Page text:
The Senate voted unanimously last Tuesday to make daylight saving time permanent and stop making changes twice a year, saying such changes are frustrating, outdated, and confusing.
first, step taken
Those were the exact words spoken by the promoter of the law, Florida Senator Marco Rubio who, when presenting his project, among other arguments, drew a direct causal link between the time changes and the increased incidence of heart attacks and car accidents.
Another of those who supported this law was Rhode Island State Senator Sheldon Whitehouse, who assured that the time change literally ‘darkened’ the lives of Americans, since, in December in the homes of some citizens, in winter the night falls at 4 in the afternoon.
Although the Senate has given its approval to this bill, its future is still uncertain, since for it to enter into force it must be approved in the House and then promulgated by President Joe Biden, who has the power to veto it, although He has not disclosed what his position will be on the matter.
Originally, the main idea behind the time change was to match the hours of activity with those of the sun, reduce the use of artificial lighting, save energy and limit the amount of CO2 that is emitted into the atmosphere as the cause of electricity generation and that affects the aggravation of climate change.
Countries that have abandoned the time change
- Argentina: Daylight saving time was suspended in 2009.
- Russia: It was officially repealed by decree of President Dmitry Medvedev, in February 2011 in the face of continued hostility on the part of the population to the time change and on the advice of scientists and experts interviewed by the executive. In 2014, during the night of October 25 to 26, they made a new time change imposing winter time for the entire year.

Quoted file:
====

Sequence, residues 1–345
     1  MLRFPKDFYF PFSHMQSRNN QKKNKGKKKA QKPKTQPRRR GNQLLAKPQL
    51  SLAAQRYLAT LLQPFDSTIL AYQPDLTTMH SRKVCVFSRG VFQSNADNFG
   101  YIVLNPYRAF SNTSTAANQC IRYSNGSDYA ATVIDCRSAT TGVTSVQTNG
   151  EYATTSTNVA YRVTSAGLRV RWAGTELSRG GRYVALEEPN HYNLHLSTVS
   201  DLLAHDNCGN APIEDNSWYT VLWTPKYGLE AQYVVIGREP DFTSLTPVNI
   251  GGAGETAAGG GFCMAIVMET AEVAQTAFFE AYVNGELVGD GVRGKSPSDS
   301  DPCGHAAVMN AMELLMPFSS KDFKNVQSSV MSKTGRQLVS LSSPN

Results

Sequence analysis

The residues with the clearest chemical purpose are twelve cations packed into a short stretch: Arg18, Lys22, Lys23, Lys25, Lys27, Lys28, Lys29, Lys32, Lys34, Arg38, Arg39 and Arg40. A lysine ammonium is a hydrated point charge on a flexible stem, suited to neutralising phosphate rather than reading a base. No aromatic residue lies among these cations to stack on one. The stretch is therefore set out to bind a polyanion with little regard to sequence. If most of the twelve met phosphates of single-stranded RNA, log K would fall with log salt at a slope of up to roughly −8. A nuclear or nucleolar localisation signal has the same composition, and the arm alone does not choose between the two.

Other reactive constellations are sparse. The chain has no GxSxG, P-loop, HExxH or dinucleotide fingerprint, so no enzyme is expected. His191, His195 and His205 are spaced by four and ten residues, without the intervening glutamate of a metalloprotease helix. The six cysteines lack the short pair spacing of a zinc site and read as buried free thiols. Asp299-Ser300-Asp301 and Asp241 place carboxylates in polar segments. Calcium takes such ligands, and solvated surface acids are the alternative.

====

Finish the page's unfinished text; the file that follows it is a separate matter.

- Belarus: repealed it in 2011.
- Armenia: no time change since 2012
- Egypt: from 1988 to 2009 there were 2 annual time changes, in 2010 there were 4 and in 2011 they were abolished.
- Tunisia: instead of changing the legal schedule, they change the schedules of activities in summer, to save energy and promote adaptation to the summer heat: most Tunisians work from 8 a.m. to 2:30 p.m. approximately and on Fridays until 1:30 p.m.
- Brazil: Except for the 32 municipalities of Mato Grosso, the rest of the country has not made time changes since 2011. In 2019, the repeal of the time change was complete.
- Turkey: The Turkish Council of Ministers decided in September 2016 to abolish the time change
- Azerbaijan: abandoned the time change in 2016.
- Namibia: repealed it in 2017.
More countries are thinking about it
Worldwide many other nations have proposed to end the time change since their citizens complain that they do not see benefits and allege that each change causes problems for many people, especially children and the elderly. who find it difficult to adapt.
This problem also arises in Europe the European Commission had proposed in September 2018 to abolish it in 2019. But the European Parliament voted in March 2019 to postpone it to 2022.